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Forecast: Main storm track stays to our south

Issued March 28, 2016 – Covering the period from March 30, 2016 to April 6, 2016

During the last week or so we’ve seen one of the more active weather patterns so far this winter and early spring. For this forecast period it looks like the more active weather will be staying to our south. This will mean less precipitation, but cooler conditions.

This forecast period begins with a major storm system developing over Colorado and pushing into Minnesota on Wednesday. The weather models have been slowly trending southward with this system, so the likelihood of it having a major impact on our region is small. Extreme southern and eastern regions may see some light snow on Wednesday, with all regions seeing scattered flurries on Thursday as the system winds up over Ontario and cold air begins to move in behind it.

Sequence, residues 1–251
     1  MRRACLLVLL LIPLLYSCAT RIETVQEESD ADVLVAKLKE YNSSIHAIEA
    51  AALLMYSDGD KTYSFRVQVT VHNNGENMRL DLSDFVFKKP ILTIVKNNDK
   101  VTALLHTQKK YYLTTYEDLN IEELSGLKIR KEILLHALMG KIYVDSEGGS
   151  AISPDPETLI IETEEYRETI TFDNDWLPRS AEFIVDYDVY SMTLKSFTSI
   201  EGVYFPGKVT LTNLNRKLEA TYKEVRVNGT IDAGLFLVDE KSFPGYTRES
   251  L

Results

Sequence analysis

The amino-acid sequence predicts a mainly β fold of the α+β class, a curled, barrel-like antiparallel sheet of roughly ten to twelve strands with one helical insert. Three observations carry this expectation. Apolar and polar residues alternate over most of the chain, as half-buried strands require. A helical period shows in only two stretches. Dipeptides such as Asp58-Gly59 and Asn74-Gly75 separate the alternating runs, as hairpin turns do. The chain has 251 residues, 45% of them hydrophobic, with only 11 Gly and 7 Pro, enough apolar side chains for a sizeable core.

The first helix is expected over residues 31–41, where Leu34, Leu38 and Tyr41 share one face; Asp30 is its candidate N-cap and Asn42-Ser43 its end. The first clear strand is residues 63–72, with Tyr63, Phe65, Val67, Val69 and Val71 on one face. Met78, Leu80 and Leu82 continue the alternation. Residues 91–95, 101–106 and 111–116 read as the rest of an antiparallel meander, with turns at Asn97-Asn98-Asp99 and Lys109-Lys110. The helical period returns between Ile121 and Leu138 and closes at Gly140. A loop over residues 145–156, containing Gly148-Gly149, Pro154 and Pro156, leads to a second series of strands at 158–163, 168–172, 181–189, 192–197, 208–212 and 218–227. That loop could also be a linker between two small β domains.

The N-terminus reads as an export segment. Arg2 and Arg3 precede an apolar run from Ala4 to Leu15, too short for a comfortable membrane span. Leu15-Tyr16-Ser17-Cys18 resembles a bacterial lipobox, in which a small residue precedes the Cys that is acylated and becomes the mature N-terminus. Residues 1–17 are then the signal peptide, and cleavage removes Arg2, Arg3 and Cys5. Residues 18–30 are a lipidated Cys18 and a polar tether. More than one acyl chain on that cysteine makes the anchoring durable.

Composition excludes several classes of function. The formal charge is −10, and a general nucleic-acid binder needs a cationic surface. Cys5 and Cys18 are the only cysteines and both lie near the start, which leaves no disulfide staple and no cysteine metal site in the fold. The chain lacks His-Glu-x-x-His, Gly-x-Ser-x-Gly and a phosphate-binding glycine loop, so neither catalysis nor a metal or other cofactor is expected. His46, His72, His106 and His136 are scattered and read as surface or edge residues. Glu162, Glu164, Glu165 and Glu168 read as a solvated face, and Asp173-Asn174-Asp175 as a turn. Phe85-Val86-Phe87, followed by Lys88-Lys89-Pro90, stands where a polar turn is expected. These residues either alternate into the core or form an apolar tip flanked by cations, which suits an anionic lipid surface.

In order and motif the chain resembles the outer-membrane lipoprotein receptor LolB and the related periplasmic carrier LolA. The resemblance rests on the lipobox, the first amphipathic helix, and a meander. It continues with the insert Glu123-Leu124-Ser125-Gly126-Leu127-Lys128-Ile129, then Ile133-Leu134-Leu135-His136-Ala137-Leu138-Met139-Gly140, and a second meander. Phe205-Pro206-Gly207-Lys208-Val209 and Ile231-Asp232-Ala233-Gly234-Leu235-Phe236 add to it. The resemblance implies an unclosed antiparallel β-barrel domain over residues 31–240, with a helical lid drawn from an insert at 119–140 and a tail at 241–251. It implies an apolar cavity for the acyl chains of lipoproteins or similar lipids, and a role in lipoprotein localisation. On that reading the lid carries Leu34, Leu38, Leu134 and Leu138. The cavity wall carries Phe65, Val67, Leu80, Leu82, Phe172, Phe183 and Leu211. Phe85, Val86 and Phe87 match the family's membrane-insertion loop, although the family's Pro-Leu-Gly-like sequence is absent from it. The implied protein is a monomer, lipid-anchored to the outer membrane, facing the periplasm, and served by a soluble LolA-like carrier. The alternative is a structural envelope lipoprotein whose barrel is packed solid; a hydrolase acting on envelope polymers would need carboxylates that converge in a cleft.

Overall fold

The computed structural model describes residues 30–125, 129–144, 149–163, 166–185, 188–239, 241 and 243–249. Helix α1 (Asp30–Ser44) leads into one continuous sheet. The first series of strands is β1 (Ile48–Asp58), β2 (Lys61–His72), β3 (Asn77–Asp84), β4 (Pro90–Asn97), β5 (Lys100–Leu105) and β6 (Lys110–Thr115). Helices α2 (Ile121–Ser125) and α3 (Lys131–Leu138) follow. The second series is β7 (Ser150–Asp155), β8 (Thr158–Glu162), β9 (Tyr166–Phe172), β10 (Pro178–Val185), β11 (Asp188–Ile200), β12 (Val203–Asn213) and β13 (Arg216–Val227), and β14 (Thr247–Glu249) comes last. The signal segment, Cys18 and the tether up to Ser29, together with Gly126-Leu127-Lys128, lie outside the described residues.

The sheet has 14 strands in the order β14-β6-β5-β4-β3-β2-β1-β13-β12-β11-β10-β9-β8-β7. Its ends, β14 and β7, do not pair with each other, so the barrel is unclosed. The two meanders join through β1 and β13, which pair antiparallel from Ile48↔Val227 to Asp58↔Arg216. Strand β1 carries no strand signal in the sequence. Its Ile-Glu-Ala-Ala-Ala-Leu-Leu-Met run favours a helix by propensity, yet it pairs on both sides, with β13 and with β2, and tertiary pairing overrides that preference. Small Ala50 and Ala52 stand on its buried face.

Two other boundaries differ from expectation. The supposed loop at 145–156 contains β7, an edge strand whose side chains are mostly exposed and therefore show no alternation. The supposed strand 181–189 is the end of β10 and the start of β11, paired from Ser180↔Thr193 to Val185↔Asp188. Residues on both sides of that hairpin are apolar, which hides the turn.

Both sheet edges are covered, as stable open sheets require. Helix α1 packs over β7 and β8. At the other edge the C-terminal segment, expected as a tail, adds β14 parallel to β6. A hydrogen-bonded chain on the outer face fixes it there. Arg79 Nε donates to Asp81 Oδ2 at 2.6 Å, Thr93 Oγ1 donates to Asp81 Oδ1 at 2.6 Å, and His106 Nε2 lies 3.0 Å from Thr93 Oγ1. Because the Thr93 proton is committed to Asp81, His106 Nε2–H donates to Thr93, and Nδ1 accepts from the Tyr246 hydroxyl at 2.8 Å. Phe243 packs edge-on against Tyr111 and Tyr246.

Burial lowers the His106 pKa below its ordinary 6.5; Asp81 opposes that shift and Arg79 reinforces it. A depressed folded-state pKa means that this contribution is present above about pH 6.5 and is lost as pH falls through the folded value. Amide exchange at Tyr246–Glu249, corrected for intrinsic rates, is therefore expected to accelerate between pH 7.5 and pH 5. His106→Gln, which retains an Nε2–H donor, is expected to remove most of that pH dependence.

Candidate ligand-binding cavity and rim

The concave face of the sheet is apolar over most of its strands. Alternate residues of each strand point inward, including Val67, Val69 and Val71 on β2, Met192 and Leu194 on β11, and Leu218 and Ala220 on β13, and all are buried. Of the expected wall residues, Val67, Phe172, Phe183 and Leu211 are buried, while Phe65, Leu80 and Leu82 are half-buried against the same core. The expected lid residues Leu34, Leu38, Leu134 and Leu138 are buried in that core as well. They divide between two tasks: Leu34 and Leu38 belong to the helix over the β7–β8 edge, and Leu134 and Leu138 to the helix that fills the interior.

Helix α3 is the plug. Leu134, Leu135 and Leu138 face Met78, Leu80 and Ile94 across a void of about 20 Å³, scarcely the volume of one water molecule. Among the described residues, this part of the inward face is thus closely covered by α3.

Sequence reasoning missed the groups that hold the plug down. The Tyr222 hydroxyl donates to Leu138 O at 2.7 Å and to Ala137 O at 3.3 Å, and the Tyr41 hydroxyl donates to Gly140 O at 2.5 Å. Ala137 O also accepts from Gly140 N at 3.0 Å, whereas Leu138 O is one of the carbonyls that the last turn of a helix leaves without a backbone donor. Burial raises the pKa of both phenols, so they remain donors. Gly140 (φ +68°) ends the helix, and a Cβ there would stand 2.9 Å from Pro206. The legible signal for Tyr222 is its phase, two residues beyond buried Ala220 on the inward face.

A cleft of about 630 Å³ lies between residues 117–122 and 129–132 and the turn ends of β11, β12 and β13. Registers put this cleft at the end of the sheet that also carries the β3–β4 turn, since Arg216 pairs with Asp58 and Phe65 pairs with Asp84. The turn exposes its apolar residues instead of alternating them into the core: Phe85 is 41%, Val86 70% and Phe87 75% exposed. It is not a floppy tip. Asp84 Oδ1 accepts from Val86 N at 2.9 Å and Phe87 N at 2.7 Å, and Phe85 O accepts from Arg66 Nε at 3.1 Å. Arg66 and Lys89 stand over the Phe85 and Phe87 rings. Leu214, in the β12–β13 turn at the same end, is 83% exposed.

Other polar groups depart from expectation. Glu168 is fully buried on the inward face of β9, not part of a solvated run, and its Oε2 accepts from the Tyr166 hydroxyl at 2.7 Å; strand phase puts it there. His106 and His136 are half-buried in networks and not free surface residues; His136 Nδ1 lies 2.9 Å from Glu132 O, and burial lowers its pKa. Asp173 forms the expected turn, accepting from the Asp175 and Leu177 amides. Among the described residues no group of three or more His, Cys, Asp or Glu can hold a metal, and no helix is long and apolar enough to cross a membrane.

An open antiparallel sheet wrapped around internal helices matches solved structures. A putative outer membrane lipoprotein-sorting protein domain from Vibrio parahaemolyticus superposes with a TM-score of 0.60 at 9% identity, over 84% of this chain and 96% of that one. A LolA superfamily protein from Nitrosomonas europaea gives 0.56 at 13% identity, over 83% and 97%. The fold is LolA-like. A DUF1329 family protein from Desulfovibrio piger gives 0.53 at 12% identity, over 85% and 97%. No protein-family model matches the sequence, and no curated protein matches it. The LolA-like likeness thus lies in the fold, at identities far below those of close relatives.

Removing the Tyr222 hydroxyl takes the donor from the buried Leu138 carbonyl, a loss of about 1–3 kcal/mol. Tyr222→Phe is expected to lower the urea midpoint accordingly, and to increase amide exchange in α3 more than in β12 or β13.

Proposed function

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Arctic high pressure is then forecast to slowly drop southeastward on Friday and Saturday, bringing plenty of sunshine along with cold temperatures. We can expect daytime highs struggling to make it to the 0 C mark in spite of the strong spring sunshine. Overnight lows will be cold, as the clear skies and arctic air allow temperatures to drop into the -15 C range. The good news is that this high looks like it will move off to the east fairly quickly, allowing milder air to work into our region by Sunday.

Temperatures by Monday should be back around average, with highs in the +6 C range and overnight lows around the 0 C mark. Another Colorado low is forecast to develop and take a similar track to the last one during the middle of next week. We may see some showers or light snow develop Tuesday before the main system gets organized on Wednesday. As with any Colorado low, this system will need to be watched, but as usual, confidence this far out in the forecast is low.

Usual temperature range for this period: Highs, -1 to +11 C; lows, -12 to 0 C.

About the author

Co-operator contributor

Daniel Bezte

Daniel Bezte is a teacher by profession with a BA (Hon.) in geography, specializing in climatology, from the U of W. He operates a computerized weather station near Birds Hill Park.

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